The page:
At the examination and case-building level, meanwhile, new tactics to identify intent can solidify cases in much less time, potentially leading to speedier resolutions. This is a deeper and more complex process than simply identifying patterns and leads; it’s the proof often needed to go to trial (or strike a plea deal), and requires not just locating evidence within a device’s file system, but also correlating it to other data.
Again, because of the potentially thousands or millions of pieces of evidence in a case, manually corroborating evidence can be painstaking and risk human error. Automating the process, again, allows forensic examiners to focus on the tasks, such as validation, that cannot be automated.
Both forward-thinking and traditional leaders in public and private sector organizations are responsible for making digital evidence more accessible not only to stakeholders such as attorneys, but also to the ranks of their own personnel who are responsible for preserving, collecting, examining, and maintaining it.
Developing Digital Investigators
Building an effective digital forensic examination capability has grown into much more than the old standbys of sending “the computer person” to a few training courses. Nowadays, it involves aligning skills with a department’s needs.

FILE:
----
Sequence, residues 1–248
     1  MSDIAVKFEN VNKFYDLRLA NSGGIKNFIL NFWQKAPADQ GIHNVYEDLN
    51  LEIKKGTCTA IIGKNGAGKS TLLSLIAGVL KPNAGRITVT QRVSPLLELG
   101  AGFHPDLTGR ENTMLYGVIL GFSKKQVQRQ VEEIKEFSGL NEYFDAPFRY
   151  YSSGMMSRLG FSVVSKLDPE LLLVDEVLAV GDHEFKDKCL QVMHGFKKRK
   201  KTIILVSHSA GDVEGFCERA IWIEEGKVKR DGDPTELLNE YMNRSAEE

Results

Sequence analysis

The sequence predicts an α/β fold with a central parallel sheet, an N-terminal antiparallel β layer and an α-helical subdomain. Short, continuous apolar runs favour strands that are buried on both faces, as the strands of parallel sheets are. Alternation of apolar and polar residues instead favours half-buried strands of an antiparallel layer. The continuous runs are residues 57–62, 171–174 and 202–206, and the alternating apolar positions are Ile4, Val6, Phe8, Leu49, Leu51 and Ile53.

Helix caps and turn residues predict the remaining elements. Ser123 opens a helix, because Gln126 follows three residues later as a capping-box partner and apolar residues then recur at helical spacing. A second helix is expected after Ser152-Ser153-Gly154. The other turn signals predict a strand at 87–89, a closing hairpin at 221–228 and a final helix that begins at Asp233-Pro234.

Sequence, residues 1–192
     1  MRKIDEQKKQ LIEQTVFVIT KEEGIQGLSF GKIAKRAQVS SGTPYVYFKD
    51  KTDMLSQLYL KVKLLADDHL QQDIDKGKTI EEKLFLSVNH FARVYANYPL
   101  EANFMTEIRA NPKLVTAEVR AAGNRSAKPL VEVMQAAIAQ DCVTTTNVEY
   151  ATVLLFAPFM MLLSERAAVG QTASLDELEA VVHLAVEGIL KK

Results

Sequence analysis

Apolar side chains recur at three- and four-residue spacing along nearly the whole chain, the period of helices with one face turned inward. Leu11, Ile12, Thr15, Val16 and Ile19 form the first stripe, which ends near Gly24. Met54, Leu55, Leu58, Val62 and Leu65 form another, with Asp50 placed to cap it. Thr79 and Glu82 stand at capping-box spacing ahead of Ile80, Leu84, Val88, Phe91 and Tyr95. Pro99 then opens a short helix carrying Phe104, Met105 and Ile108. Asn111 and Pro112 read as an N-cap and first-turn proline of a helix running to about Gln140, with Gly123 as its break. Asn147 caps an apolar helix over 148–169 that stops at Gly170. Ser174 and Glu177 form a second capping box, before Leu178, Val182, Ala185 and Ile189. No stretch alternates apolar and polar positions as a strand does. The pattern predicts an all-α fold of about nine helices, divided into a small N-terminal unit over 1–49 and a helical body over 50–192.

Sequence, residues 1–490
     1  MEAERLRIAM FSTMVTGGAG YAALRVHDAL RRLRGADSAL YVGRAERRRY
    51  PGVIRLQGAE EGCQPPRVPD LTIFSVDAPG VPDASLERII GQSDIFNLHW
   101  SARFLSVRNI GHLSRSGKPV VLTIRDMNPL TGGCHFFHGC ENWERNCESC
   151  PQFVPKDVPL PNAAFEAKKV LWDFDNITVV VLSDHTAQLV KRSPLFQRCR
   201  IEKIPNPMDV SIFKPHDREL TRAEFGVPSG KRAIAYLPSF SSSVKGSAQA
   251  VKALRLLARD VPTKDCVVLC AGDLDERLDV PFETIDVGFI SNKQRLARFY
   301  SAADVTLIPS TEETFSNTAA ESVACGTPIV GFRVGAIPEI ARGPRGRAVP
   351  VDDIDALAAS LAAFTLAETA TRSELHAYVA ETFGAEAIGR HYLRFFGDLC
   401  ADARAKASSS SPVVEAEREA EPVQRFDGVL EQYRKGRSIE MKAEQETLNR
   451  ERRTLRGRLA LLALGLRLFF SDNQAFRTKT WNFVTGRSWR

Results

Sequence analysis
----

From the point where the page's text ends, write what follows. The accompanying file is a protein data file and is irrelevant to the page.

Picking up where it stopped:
In some respects, this is easier than it was 25 years ago. “Digital native” officers who are comfortable with technology can, with appropriate training, legal and operational guidance, seamlessly incorporate some transactional digital evidence responsibilities into their roles.
This starts by making it easier for junior or non-technical personnel to start the process of investigation so that senior investigators can be free to focus their unique skills to analyze and report on data. Basic digital forensics training can empower officers to triage digital devices that may or may not be evidence, or to image devices whose owners are reluctant to part with them, such as victims or witnesses who do not want to lose access to their devices – even for a limited time.